Walter E. Washington, Charles H. Houston, William Hastie, Robert Weaver, Mary Church Terrell, Nannie Helen Burroughs and Mary McLeod Bethune were among those who played an important role in its efforts to end discrimination. As war loomed in Europe, America continued to refuse its Black citizens a modicum of respect. For example, when the internationally renowned Marian Anderson agreed to give a concert under the auspices of Howard University, the Daughters of the American Revolution prohibited the use of Constitution Hall for the concert, causing Eleanor Roosevelt to resign her membership in protest. The D.C. Board of Education agreed to the use of the Central High School Auditorium, but under such humiliating circumstances that Anderson refused to accept the conditions. In the face of such a situation, which cast the national reputation in an embarrassing light, Secretary of the Interior Harold Ickes made the Lincoln Memorial available, and Anderson triumphed before 75,000 in a venue where Blacks had been second class citizens at its dedication some seventeen years earlier.

     The coming of Franklin Roosevelt and the New Deal raised the hopes of Black Americans everywhere. The coming war and the realization that America would continue largely with business as usual dampened spirits but not aspirations. While racism persisted, a new generation of Black Washingtonians were coming of age and the war would assure that the world, the nation and the city would never again be the same. In 1937, Sterling Brown wrote that social compulsion forces many who would naturally be on the side of civic fairness into hopelessness and indifference. Washington has made steps in the direction of justice, but many steps remain to be taken for the sake of the underprivileged and for the sake of a greater Washington. Throughout the years that this struggle has been waged, Washington’s Black citizens have preserved in their efforts to achieve their rightful measure of their community’s benefits. Where possible, they have assumed the responsibility for their own improvement and the enhancement of the quality of life in their community. During the years between the civil war and World War II, they did so in the face of staggering indifference and oppressive racism. For much of the same period, most white Washingtonians refused to cooperate or to see the benefits of a community united in a common cause to improve the lot of all the city’s residents. Those of us today would do well to remember the observation made by John Hannah of the U.S. Commission on Civil Rights in 1962: "In the eyes of the world, Washington is the window of America. By what we do here the entire Nation is judged."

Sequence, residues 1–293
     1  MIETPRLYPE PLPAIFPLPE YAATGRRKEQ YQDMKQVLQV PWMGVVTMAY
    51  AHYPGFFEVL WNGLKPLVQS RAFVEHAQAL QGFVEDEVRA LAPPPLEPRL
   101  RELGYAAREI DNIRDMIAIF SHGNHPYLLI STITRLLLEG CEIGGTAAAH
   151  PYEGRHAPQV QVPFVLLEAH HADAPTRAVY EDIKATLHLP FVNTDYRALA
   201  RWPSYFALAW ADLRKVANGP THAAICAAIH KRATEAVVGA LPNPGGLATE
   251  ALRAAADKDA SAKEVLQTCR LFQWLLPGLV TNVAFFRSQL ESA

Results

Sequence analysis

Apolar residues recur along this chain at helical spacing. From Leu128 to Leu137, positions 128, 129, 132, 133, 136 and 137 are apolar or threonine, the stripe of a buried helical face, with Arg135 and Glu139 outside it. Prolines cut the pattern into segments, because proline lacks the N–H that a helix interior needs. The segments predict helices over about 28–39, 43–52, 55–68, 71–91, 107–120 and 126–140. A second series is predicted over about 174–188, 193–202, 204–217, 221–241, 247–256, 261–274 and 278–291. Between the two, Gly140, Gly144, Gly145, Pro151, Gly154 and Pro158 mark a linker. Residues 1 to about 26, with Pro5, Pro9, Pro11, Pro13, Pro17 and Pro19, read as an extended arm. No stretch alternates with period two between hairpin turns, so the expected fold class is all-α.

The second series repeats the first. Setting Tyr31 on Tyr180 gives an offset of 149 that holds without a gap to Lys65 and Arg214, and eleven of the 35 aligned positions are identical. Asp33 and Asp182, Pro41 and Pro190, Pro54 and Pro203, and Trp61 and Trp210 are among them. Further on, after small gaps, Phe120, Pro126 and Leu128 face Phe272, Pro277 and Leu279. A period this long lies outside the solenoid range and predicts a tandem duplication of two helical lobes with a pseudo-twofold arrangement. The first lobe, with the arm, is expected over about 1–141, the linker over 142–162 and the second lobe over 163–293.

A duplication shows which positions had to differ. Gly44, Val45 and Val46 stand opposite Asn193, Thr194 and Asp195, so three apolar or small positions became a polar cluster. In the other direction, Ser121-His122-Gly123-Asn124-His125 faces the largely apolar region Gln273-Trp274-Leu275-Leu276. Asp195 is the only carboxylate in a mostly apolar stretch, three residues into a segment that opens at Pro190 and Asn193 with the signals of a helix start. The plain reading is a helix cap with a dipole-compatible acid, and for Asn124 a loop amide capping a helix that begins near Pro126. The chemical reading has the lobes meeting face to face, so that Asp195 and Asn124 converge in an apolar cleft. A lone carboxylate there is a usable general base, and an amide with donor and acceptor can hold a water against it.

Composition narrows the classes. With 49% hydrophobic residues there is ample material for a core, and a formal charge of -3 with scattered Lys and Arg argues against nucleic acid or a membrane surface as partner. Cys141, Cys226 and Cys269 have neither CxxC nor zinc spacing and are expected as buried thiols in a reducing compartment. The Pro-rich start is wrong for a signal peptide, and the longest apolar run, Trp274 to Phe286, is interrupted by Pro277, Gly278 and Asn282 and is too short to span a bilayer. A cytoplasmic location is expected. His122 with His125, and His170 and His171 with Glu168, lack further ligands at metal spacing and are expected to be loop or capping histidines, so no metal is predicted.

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November 2000